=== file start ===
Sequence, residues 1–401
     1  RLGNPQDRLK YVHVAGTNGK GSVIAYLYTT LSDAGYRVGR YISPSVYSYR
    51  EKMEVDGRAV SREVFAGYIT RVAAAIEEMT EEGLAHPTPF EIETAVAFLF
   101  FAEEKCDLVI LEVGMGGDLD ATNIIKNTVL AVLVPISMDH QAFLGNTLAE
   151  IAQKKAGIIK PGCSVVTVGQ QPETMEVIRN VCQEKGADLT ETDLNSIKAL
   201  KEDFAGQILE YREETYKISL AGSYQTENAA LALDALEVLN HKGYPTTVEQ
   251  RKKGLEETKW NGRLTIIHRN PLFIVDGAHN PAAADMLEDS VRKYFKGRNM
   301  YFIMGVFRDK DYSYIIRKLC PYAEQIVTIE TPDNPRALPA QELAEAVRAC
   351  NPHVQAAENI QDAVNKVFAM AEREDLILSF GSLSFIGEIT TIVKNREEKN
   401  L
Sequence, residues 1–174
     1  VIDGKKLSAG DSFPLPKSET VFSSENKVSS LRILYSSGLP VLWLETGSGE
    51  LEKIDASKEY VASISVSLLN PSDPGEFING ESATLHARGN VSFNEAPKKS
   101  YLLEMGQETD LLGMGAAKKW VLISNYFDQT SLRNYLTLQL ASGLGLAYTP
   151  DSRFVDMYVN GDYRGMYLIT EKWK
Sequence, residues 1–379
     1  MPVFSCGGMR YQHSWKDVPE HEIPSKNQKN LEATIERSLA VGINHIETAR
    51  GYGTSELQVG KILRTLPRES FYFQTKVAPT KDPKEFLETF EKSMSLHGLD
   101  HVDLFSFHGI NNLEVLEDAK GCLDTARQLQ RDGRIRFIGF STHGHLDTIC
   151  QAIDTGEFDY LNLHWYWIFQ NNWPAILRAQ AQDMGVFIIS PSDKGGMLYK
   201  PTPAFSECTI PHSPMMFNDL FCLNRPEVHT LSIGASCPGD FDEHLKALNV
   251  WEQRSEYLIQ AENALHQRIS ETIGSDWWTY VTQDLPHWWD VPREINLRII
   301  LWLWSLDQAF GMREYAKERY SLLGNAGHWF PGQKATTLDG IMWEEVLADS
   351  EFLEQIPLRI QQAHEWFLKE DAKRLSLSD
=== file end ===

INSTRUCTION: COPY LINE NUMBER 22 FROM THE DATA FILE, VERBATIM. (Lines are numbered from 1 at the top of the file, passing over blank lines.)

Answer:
   251  WEQRSEYLIQ AENALHQRIS ETIGSDWWTY VTQDLPHWWD VPREINLRII